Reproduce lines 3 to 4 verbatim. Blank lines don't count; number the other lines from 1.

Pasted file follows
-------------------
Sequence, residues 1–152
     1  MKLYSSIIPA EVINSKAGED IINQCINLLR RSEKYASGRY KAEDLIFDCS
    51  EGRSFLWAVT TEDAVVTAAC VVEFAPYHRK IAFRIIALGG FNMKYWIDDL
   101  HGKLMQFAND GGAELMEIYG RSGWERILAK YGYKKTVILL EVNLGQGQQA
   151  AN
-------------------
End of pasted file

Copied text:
    51  EGRSFLWAVT TEDAVVTAAC VVEFAPYHRK IAFRIIALGG FNMKYWIDDL
   101  HGKLMQFAND GGAELMEIYG RSGWERILAK YGYKKTVILL EVNLGQGQQA